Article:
.Mac thoughts

So I’m about five days into my free .Mac trial, and I thought I’d write up some thoughts.

I pay about $60 per year for 500 GB of storage and 5 TB of bandwidth from DreamHost. .Mac costs $100 per year. For that much, it should be really, really special. On a strictly numerical level, DreamHost beats .Mac. Now, it’s true that DreamHost’s reputation for reliability has taken a beating the last year or so, but for $6 per month I can accept a few days per month of down time. And it’s nowhere near that bad; it seems to be less than one evening every month or two.

So that leaves a comparison of features. Now, actually there’s very little overlap between the two. .Mac offers a bare minimum of traditional web hosting features, with low bandwidth and storage, and few of the more dynamic features such as SQL and PHP. DreamHost offers huge bandwidth, huge storage, and lots of dynamic features.

As a traditional webhost, DreamHost wins hands down. But .Mac offers a lot that DreamHost doesn’t.

Apple lists the features of .Mac as Web Gallery, Website Hosting, IMAP email, Back to My Mac, Sync, iDisk, Groups, Backup, and 10 GB storage. There’s also easy publishing with the iApps. The webmail interface shames DreamHost’s webmail, but I download all my email anyway. The most useful-looking features are syncing and Back to My Mac.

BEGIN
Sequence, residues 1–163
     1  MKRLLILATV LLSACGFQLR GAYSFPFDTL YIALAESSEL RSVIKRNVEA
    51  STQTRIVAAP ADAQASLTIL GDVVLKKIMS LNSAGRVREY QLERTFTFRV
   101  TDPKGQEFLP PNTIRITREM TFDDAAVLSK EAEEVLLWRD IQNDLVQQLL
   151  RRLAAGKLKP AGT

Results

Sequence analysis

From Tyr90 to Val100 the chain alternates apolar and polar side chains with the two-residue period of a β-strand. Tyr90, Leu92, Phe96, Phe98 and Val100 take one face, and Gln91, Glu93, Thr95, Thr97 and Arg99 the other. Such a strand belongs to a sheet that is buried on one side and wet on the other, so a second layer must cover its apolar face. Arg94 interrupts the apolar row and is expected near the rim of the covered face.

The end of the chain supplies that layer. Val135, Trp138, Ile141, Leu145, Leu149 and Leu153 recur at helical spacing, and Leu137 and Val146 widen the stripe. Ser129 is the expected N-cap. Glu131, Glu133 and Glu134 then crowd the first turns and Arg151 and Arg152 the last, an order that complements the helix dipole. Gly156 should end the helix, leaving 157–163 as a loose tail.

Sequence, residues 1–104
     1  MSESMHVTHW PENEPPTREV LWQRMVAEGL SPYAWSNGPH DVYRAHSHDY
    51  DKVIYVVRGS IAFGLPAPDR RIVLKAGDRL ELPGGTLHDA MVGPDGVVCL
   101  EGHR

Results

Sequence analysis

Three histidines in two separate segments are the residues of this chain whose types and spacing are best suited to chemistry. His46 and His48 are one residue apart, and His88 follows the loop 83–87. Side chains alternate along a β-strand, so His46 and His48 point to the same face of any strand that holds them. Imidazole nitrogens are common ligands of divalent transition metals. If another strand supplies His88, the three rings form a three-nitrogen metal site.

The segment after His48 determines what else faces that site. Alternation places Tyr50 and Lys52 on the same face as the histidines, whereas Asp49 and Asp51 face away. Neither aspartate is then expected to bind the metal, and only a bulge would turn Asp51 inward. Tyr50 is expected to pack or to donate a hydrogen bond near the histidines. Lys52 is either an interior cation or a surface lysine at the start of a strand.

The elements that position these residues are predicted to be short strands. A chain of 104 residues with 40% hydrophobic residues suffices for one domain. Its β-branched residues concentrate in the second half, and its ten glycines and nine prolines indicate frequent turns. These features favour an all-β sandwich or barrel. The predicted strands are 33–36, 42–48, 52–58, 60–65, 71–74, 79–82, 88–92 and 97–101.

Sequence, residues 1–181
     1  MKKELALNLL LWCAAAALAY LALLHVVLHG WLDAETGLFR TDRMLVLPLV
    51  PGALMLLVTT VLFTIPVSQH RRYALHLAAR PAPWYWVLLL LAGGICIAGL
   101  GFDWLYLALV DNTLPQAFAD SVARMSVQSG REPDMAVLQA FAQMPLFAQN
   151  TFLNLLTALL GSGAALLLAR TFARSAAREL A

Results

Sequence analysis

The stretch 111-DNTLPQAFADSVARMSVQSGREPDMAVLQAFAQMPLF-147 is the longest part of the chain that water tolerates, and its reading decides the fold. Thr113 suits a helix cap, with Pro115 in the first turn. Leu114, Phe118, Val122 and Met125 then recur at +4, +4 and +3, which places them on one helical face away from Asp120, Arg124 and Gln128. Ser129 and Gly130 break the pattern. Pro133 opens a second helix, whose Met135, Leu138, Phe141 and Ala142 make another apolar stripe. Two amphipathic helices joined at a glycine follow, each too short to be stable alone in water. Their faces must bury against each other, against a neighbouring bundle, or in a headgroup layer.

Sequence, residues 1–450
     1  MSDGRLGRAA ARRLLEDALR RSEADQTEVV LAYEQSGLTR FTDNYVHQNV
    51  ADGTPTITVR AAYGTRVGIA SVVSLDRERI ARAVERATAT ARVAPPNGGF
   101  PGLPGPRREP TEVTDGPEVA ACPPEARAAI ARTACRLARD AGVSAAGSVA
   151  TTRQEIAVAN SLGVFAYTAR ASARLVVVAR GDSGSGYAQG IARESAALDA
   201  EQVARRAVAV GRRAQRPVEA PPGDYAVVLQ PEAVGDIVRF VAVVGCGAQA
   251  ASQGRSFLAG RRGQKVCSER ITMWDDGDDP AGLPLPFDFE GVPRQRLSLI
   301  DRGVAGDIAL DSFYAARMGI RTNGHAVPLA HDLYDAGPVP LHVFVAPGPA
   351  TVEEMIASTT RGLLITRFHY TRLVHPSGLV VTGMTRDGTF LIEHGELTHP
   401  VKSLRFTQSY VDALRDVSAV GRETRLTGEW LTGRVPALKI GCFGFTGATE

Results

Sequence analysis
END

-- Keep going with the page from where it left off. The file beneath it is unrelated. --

Back to My Mac doesn’t work at all for me. There’s no errors, no feedback at all – it just isn’t there where it’s supposed to be. I’ve done a bit of research on this, and I expect it’s because my NAT doesn’t support the features Back to My Mac needs. But this is really just a guess, since there’s no feedback at all.

At first glance, syncing seemed to work for me. But then I ran into an odd problem: The sync created duplicates of a bunch of smart mail boxes. No problem, though: Delete them, reset up to .Mac. It’ll propagate to the other computers, right? Well, it turns out that’s a bad assumption. It worked to a point, but then one of the other computers just adds them again. I’d basically need to delete them from both computers simultaneously in order to get rid of them. No problem, I’ll just use Back to My Mac.

Oh, wait. That’s not going to work.

Well, maybe I’ll check out .Mac in another few years. But for now, I can’t imagine spending $100 on it. I want something that takes the gremlins out of a multi-machine existence, rather than adding bigger, more annoying ones. I feel like I started with a mogwai and .Mac fed it after midnight. Maybe if I was a bigger webmail user or wasn’t comfortable setting up things like WordPress it would be more interesting, but I’m not that guy.